There are always pressures to reduce costs and speed up the procurement process, and providers of reverse auction platforms argue that their services can do just that. Indeed, the reverse auction is an approach that can prove useful for products with clearly defined specifications and simple service requirements. Academic research and real-world experience alike, however, have shown that reverse auctions can deliver sub-optimal results for pallet providers and pallet customers.
In the earlier installments of this pallet procurement series, I talked about the variables involved in achieving a successful pallet bid, and the steps required. Those complexities can prove problematic for a reverse auction process. Let’s look at a couple of scenarios involving reverse auctions. One of them makes sense. The other leads to a suboptimal outcome versus using a sealed bid.
At PalletOne, we participate in reverse auctions that have been useful for some customers. Typically, the companies will ask only a limited number of qualified bidders, including current suppliers, to participate. As a pallet supplier participating in the reverse auction process, you see only how your bid ranks in terms of your position versus the other unidentified bidders. From the customer’s perspective, if they have done their homework, they understand the capabilities of the companies bidding. They take this into account when they make the award. In some auctions, we’ve ended up being the third-lowest bid but still were given the contract. Ultimately, customers want to ensure they are getting a competitive price, but they also want to be confident they have a supplier who can consistently perform.
Reverse auctions are far less successful where the bid is more complex, involving multiple pallet specifications and numerous customer locations. The winning bidders on these types of events are often pallet brokers. They may throw out numbers aimed at winning the business, and then have to work backwards to figure out who they find to provide the pallets for the price they just agreed to take. The limited availability of information associated with reverse auctions can make accurate bidding a challenge. Price pressures can result in the delivery of pallets that don’t meet the required specification and potential quality issues for the customer.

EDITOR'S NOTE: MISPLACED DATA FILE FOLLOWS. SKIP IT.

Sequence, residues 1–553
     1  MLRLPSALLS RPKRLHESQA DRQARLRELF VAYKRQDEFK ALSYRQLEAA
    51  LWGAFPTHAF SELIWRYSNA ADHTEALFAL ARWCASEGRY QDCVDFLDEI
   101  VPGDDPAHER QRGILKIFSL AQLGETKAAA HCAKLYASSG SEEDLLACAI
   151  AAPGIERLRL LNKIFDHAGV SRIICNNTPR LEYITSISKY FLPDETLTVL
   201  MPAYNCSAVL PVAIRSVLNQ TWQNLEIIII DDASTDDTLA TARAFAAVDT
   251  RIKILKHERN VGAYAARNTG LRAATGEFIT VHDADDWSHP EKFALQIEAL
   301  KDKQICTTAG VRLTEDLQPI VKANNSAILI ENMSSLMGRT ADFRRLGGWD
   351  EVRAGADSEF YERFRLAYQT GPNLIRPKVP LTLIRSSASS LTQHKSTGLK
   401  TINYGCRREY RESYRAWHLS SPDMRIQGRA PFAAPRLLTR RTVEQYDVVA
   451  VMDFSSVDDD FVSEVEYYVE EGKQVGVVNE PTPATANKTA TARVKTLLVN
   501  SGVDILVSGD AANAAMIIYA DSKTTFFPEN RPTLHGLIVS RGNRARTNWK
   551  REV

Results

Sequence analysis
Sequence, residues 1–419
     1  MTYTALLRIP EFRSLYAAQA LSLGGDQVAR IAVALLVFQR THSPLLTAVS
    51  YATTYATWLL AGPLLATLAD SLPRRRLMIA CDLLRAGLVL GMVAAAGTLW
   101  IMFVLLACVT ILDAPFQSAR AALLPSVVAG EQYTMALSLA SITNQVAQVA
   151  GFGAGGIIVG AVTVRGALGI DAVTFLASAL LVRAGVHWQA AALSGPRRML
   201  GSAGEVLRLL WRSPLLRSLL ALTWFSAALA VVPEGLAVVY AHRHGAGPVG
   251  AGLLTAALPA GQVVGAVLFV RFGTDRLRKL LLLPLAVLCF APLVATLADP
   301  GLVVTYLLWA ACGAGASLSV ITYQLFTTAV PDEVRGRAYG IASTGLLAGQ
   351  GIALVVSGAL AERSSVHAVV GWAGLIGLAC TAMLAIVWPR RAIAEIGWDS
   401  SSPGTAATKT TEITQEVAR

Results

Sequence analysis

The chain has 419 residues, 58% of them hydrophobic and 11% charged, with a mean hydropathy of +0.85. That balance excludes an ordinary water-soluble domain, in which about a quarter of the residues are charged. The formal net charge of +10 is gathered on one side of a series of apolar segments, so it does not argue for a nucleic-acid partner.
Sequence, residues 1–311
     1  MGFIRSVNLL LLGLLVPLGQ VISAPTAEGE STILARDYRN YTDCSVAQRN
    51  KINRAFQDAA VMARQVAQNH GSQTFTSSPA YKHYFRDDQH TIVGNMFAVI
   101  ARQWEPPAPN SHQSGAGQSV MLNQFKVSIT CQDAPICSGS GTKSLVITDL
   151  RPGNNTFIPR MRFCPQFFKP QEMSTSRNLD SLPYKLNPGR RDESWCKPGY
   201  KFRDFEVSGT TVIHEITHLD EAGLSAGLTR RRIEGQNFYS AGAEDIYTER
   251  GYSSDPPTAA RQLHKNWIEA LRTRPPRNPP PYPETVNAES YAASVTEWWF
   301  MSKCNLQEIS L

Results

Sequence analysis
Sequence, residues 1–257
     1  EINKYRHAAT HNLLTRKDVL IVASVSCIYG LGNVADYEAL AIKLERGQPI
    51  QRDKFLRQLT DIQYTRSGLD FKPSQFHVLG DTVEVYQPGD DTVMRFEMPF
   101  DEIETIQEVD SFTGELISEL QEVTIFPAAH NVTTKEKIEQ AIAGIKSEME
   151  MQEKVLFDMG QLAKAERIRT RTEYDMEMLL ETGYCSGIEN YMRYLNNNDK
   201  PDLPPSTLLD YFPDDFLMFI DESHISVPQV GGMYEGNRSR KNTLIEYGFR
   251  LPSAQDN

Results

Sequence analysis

Regarding the question posed in the title of this article, my experience is that we have saved companies the most money and had the most success with the sealed bid process. And the best success is achieved by those businesses that will allow us to do on-site visits – at our own expense. I can’t stress that enough. I respect that a buyer might have a hard and fast timeline and be under pressure to conclude the process, but the success of the bid ultimately comes from what you put into it. If you are willing to slow down your procurement process a little bit to enable pallet providers to access all of the information needed for an accurate bid, you will benefit from a superior outcome.
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